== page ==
Five Practical Ways to be a #WeToo Church

Church Leader,

The issue of sexual abuse may be the topic of the decade. Unfortunately, it has impacted us in the church as well. Since moving to Dallas, I have had the honor of meeting Mary DeMuth. We attend church together, and Cheryl (my wife) and I attend Mary and Patrick DeMuth’s Bible study and they have become friends. When I learned about Mary's own story of abuse and her new book to address it, I knew we had to share it with our churches. Mary’s heart is to spark revival through repentance over this issue. Will you pray with me for that? Below are some great insights from Mary.

When it comes to sexual abuse, we heal better together—in community. The church community sits on the cusp of one of the greatest crises of our time; how we respond to that today will influence our church’s trajectory. Recently, Christianity Today published stories about the LifeWay sexual abuse survey. "10 percent of Protestant churchgoers under 35 have previously left a church because they felt sexual misconduct was not taken seriously," CT reported. As church leadership grapples with this millennial exodus, we must address this issue with winsome purpose. How? Below are five practical ways.

1) Develop and Communicate Safeguarding Policies
If you do not yet have a child protection policy in place, an excellent resource is The Child Safeguarding Policy Guide for Churches and Ministries by Basyle Tchividjian and Shira M. Berkovits. This resource empowers you to create policies and procedures that fit your church. It’s not advisable to simply grab policies from another campus and paste them into your context. Instead, wrestle through your unique demographic to develop standards that your staff can own. Work hard to clearly communicate these standards to staff, volunteers and parents, and err on the side of over-communication.

2) Have a Plan for the Unthinkable
Through well-articulated policies, we must do our best to prevent the unthinkable, not merely performing background checks, but checking references and digging deeper. But if a volunteer, leader, or attendee has abused in our midst, we must have a known checklist in place for how we will handle the situation. Remember this: it’s not your job to uncover exactly what happened. You’re not an investigator with years of sexual assault experience, nor are you a trauma counselor. You are simply this: a mandatory reporter. You must report.        
If the situation involves a pastor or a volunteer, err on the side of transparency with the public. You can reassure the community by hiring a truly independent investigation firm. As well, choose to be proactive in warning other ministries or churches about the offender.  

3) Share the Podium
As a sexual abuse survivor and a Christ follower, I have attended church for decades, but I cannot recall one sermon that dealt with sexual abuse (or domestic violence for that matter). Never have I heard a survivor’s story from the front of the church (unless I was the one telling it). This has fostered the belief that I am fundamentally broken - that I am not normal. If you really want to bless the people in your church who have difficult stories, highlight those stories from the front. Redemption is a beautiful thing, and what better way to convey this than by being honest about what the people in the chairs are battling?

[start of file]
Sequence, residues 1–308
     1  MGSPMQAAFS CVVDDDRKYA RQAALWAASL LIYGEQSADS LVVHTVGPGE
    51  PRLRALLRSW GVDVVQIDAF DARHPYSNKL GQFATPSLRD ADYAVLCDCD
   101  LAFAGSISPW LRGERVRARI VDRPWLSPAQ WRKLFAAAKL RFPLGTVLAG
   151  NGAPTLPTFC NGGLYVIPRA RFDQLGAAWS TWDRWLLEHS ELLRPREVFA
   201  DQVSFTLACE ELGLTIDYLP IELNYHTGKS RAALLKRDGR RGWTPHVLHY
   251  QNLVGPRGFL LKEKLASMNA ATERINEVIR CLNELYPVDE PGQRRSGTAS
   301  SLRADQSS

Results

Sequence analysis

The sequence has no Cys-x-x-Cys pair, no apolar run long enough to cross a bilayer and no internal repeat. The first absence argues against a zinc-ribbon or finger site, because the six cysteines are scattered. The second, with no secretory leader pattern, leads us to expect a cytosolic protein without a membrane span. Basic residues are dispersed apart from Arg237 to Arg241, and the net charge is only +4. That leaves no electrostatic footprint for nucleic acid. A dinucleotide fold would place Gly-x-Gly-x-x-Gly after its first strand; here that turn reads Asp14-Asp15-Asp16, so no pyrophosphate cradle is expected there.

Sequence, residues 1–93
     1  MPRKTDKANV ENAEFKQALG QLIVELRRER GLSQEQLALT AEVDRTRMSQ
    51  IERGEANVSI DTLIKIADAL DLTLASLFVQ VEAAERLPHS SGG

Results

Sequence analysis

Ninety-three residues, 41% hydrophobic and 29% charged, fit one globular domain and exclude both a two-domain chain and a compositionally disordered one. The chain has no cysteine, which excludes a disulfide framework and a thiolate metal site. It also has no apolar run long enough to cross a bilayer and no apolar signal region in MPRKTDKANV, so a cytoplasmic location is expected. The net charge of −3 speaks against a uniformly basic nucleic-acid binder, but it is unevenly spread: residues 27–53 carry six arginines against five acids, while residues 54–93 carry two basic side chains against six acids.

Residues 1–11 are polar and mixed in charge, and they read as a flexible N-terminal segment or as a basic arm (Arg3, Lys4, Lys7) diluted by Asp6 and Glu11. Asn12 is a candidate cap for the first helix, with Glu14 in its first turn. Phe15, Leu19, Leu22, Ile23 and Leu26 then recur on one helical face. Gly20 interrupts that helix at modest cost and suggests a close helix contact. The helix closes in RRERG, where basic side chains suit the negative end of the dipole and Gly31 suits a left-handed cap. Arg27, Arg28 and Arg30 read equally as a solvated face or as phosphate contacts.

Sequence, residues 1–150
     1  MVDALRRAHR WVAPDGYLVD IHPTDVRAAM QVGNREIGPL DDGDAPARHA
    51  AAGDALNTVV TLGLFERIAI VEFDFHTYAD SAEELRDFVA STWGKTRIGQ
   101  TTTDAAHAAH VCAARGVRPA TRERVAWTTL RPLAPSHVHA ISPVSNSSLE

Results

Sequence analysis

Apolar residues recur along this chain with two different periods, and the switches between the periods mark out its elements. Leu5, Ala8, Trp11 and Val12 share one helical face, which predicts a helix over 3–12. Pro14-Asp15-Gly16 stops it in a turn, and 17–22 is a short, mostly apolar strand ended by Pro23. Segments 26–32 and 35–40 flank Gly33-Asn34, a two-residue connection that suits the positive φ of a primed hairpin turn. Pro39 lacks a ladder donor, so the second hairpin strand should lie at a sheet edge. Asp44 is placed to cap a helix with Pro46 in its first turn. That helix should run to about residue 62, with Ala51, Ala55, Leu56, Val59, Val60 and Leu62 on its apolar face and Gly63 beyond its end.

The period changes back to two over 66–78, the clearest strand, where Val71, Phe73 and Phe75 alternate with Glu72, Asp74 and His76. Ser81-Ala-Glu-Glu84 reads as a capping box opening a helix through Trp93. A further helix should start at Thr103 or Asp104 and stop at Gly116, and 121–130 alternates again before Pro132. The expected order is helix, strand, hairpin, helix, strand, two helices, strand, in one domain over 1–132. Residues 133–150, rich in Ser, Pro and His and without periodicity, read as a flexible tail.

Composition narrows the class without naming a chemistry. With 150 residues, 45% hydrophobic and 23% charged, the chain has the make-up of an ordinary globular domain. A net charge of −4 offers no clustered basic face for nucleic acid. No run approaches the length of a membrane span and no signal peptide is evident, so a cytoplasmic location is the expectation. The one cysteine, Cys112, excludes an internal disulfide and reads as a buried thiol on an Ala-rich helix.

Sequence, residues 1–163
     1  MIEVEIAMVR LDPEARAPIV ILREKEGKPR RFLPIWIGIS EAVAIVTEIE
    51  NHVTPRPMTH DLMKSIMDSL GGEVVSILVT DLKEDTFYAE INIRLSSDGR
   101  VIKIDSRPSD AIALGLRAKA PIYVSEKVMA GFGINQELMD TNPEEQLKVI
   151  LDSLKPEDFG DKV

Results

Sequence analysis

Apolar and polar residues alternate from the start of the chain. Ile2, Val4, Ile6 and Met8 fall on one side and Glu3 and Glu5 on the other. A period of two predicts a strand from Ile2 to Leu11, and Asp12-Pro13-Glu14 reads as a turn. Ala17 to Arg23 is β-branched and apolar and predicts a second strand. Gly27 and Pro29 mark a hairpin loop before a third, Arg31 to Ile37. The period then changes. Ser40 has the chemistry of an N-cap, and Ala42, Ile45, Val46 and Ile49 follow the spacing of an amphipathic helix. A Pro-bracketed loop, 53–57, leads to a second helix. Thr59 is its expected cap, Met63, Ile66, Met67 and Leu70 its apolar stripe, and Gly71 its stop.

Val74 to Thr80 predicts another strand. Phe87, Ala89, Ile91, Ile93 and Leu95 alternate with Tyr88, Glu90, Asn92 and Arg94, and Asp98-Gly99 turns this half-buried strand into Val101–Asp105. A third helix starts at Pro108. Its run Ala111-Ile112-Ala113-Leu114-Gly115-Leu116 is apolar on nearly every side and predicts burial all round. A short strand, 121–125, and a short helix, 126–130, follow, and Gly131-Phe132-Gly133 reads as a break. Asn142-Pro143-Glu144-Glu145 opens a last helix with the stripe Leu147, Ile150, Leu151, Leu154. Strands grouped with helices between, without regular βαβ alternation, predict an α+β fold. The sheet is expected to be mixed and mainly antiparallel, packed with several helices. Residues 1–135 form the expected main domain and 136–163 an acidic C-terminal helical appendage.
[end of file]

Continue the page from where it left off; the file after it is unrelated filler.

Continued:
4) Preach the Word
If welcoming survivor stories makes you uncomfortable, consider preaching through one of the rape narratives of the Bible. Author Jen Wilkin asserts, "It occurred to me that in all my years in the church, I had never heard a sermon about Tamar. The other women on my teaching team couldn’t recall hearing it preached either. And no wonder—it is hardly ‘proper’ subject matter for Sunday morning." Sadly, we have bought into the lie that we must play at "Fantasy Church," a place where we don’t speak of such raw things. But the reality is that 100% of the members of your church are affected by sexual abuse, either personally or through someone they know and love.

5)  Rest, then Listen
As weary shepherds, we are hard pressed on every side. And as burnout approaches, so does our ability to really listen to the people we shepherd. Through body language and verbal cues, we can communicate to the broken that we’d rather have a problem-less church, where issues seethe conveniently beneath the surface. So in order to welcome difficult stories, particularly sexually abusive ones, we need to rest and find our strength in Christ. Only in that Sabbath place can we bear the burdens of our congregations.

What does bearing that burden look like? It resembles active listening, refraining from sharing platitudes and plastering on spiritual band-aids. Instead? Ask questions. Empathize. Pray. Weep alongside. This does not mean you’re opening yourself up to becoming the person’s long-term counselor, but it will greatly dignify their story if you simply listen.  

If we want to prevent further exodus from the church and foster healing for our members, let’s return to the gospel narratives where Jesus went out of his way to dignify the broken, hear the stories of the marginalized, and push against the protection structures of the religious elite. People who are broken by sexual abuse hunger for an encounter with someone like that. Why not create that haven now in your church?


Additionally, be sure to check out the "Predators in the Church" webinar coming up soon. Our friends at have put together some great resources on safety and protection in the local church.

God Bless,

Ron Edmondson
Chief Executive Officer

Leadership Network, 1328 N Lake Park Blvd, Carolina Beach, NC 28428, United States

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